Who were my role models in public life? Long before I knew I would run for office some day, I admired a woman from South Africa, Helen Suzman, whose lone voice spoke out against apartheid in the all white Parliament. She died a few days ago at the age of 91.
Why was I drawn to her? We shared certain similarities; she was Jewish, she had young children, she was married to a doctor, as I was at the time. But she was a role model for me not so much because I was like her, but because I wanted to become more like her; to understand the source of her extraordinary courage.
She survived death threats, was not intimidated by what she called apartheid's leading bullies, who called her a "dangerous subversive" and a "sickly humanist."
"I am not frightened of you--I never have been, and I never will be," she told Prime Minister Botha in a Parliamentary exchange. (NY Times, Jan. 2, 2009)
She suffered sharp criticism when she differed with those who supported economic sanctions to oppose apartheid. Her reason for this stance was that sanctions would punish blacks more than whites.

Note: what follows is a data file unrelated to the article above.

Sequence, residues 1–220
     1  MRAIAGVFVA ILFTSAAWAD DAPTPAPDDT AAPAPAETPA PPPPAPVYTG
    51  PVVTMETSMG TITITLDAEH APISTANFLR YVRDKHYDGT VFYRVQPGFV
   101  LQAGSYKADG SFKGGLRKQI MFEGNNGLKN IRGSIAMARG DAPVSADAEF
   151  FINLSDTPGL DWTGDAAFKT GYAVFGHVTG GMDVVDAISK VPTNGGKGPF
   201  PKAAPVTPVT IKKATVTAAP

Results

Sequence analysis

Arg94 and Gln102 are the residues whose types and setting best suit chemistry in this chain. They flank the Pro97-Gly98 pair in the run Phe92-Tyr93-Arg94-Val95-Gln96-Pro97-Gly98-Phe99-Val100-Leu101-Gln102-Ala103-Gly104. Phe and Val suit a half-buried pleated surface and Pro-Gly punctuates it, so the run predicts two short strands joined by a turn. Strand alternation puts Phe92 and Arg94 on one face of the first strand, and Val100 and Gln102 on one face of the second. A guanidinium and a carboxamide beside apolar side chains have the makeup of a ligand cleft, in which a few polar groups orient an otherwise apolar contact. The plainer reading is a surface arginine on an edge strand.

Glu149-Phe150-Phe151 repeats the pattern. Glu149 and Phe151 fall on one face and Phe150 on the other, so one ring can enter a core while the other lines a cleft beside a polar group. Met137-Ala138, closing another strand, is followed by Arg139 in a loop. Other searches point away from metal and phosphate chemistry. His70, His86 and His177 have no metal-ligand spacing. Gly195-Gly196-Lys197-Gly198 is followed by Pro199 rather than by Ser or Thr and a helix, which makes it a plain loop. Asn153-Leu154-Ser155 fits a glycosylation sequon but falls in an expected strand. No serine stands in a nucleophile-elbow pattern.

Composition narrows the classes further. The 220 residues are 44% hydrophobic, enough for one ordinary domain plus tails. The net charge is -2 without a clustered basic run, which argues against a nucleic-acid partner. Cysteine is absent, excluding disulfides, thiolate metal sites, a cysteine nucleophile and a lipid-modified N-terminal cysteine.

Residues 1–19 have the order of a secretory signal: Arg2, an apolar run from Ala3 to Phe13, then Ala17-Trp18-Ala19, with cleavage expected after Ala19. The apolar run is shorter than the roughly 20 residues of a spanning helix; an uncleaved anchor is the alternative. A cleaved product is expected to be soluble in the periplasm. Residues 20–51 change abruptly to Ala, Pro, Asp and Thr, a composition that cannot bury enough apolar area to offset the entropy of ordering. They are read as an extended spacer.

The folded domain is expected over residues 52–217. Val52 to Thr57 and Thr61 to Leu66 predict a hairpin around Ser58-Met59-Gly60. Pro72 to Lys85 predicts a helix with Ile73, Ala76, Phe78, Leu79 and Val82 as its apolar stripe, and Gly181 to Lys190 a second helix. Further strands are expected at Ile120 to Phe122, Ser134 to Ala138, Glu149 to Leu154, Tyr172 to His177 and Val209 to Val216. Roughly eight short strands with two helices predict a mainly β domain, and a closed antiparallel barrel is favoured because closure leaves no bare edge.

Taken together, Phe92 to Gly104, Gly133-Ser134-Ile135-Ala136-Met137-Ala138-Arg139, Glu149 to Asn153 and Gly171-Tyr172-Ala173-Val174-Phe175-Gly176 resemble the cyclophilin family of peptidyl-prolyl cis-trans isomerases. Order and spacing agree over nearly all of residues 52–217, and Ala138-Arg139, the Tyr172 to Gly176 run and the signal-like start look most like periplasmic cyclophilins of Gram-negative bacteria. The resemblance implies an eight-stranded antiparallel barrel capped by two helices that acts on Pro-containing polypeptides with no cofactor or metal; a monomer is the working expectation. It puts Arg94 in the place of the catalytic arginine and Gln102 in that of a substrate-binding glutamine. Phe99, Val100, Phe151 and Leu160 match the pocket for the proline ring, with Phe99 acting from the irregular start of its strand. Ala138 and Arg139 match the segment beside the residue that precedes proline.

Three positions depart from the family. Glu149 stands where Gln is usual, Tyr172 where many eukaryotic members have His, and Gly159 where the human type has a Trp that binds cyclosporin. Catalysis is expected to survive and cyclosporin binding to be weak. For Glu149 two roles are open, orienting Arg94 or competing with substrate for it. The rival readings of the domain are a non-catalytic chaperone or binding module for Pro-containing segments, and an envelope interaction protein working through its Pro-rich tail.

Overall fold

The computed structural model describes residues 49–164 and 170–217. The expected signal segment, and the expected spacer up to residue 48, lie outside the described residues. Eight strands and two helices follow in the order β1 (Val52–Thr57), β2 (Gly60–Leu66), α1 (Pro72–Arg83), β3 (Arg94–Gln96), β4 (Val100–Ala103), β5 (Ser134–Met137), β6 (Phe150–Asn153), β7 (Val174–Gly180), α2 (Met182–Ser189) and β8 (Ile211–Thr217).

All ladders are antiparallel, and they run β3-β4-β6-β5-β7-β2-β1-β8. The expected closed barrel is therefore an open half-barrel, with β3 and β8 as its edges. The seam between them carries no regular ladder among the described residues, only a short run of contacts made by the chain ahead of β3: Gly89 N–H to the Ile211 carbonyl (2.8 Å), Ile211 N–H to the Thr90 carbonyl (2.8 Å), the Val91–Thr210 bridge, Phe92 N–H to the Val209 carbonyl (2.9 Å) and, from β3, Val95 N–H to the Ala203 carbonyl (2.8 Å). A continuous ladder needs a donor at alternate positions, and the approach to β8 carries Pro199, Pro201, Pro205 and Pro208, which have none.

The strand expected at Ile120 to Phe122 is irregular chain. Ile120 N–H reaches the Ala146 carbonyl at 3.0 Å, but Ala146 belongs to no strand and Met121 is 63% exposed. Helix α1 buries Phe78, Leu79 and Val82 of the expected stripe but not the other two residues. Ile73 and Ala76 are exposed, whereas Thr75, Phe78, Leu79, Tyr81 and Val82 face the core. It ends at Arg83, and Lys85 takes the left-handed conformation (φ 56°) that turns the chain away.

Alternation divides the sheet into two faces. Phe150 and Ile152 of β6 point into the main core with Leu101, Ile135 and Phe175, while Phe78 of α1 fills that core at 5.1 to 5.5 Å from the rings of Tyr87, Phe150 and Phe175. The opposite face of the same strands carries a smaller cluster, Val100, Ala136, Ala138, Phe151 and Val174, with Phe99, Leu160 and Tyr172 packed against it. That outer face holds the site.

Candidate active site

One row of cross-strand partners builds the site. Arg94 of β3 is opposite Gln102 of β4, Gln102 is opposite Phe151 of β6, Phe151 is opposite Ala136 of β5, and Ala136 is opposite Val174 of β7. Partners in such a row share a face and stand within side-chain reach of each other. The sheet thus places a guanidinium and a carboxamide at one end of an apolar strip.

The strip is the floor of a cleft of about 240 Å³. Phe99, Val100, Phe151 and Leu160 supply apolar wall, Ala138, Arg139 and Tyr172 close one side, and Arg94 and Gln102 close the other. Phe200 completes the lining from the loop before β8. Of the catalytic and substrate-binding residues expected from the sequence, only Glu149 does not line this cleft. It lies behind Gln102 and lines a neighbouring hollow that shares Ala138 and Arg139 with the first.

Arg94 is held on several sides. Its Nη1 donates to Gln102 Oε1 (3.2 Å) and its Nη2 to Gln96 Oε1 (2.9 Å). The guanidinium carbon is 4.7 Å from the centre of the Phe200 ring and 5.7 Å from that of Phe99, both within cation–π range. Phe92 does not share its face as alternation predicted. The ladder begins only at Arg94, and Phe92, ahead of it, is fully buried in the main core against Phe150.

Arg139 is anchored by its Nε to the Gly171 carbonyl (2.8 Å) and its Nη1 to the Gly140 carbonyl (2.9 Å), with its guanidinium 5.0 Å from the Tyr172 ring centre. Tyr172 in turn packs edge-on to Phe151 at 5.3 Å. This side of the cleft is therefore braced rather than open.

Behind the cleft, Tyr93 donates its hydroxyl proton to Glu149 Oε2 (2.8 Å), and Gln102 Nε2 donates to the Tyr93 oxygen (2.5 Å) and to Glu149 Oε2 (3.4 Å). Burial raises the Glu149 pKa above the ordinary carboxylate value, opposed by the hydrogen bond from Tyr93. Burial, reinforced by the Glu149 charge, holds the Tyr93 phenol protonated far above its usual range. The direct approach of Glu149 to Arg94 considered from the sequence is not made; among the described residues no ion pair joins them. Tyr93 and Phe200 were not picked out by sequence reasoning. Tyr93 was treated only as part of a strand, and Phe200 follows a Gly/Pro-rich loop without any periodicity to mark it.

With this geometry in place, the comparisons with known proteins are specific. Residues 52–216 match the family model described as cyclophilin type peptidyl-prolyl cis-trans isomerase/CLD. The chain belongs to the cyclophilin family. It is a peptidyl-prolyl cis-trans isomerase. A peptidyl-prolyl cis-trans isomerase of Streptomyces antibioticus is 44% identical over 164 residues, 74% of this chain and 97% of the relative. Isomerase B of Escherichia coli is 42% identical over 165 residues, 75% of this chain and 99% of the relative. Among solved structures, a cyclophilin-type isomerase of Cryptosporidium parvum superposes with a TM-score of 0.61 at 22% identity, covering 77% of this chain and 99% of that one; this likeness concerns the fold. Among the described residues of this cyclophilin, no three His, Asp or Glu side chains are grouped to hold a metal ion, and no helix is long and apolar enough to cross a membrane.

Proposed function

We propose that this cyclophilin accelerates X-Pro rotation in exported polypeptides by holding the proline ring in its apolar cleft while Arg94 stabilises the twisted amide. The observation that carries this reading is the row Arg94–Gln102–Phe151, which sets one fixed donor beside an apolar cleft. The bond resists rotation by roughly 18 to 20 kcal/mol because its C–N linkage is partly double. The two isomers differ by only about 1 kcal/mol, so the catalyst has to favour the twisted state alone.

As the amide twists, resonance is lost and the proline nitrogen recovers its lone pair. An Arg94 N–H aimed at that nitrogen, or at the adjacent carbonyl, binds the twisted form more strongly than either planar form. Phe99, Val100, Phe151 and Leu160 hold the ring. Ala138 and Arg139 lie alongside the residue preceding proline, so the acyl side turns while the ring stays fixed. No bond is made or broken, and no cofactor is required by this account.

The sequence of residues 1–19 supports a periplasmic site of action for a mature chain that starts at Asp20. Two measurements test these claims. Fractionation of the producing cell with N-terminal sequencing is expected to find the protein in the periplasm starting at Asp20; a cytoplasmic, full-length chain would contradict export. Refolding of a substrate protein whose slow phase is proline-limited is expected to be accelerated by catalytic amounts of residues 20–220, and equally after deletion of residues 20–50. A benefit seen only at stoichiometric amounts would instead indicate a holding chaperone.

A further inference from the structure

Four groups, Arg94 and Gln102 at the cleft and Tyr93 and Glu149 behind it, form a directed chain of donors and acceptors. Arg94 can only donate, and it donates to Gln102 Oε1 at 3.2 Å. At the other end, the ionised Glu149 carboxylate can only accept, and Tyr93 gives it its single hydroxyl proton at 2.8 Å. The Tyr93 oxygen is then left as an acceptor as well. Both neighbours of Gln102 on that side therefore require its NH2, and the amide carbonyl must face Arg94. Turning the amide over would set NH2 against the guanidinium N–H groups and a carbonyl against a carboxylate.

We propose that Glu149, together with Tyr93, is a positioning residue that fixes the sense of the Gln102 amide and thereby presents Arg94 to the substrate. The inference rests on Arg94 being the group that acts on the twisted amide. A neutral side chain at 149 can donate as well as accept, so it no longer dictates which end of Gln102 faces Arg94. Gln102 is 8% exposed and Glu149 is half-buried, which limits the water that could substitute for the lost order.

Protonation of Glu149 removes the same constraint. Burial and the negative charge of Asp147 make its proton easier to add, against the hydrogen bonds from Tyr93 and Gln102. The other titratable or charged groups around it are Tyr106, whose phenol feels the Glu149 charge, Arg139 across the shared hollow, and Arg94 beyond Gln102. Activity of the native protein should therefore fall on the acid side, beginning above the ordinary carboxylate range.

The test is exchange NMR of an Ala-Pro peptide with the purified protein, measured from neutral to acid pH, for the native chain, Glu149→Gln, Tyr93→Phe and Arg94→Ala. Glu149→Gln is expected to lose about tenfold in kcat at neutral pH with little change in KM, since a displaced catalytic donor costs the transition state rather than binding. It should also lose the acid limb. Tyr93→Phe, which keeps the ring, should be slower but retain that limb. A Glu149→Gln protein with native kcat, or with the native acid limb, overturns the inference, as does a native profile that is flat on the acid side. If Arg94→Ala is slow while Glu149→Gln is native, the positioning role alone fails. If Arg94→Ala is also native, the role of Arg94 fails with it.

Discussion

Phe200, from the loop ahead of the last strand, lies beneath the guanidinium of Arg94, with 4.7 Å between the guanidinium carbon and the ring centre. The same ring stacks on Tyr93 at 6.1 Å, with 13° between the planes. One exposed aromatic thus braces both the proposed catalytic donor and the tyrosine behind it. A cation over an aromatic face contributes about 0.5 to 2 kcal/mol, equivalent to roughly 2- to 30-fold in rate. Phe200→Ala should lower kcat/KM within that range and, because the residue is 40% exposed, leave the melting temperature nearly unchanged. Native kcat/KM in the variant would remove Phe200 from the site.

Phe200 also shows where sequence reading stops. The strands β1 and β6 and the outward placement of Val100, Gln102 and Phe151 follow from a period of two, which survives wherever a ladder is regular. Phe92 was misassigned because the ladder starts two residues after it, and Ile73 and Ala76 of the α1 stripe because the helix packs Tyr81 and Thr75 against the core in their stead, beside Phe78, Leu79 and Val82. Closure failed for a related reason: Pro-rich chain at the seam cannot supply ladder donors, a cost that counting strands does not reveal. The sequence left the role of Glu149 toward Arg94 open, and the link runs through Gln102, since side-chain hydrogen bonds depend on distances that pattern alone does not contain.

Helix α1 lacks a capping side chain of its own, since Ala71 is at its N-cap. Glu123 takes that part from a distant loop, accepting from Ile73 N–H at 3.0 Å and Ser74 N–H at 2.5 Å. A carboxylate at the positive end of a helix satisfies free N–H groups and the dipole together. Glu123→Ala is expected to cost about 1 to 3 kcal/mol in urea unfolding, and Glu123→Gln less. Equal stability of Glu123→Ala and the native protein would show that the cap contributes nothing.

I had the opportunity to meet my hero in Washington some 12 years ago at the British ambassador's home when he was hosting a dinner for Nelson Mandela. It was a heady evening--dining with two of the most courageous people in the world. Mandela expressed obvious affection for this small, confident woman. What I had not known, until I read her obituary, was that she visited him regularly on Robben Island where he was imprisoned for 20 years.
When I chatted with her on the sofa as we were waiting for dinner to be served, I asked her, where she got the courage to speak up for justice in such an unforgiving environment for all these years. She gave me a matter of fact answer, saying she did what she thought was right. She gave no indication that she thought she had done anything extraordinary.
Perhaps that is a clue to who she was--a woman who followed her conscience, no matter what the cost. Even now, I would still like to become more like her.
This was originally posted at Chelsea Green.
Madeleine M. Kunin is the former Governor of Vermont and was the state's first woman governor. She served as Ambassador to Switzerland for President Clinton, and was on the three-person panel that chose Al Gore to be Clinton's VP. She is the author of Pearls, Politics, and Power: How Women Can Win and Lead from Chelsea Green Publishing.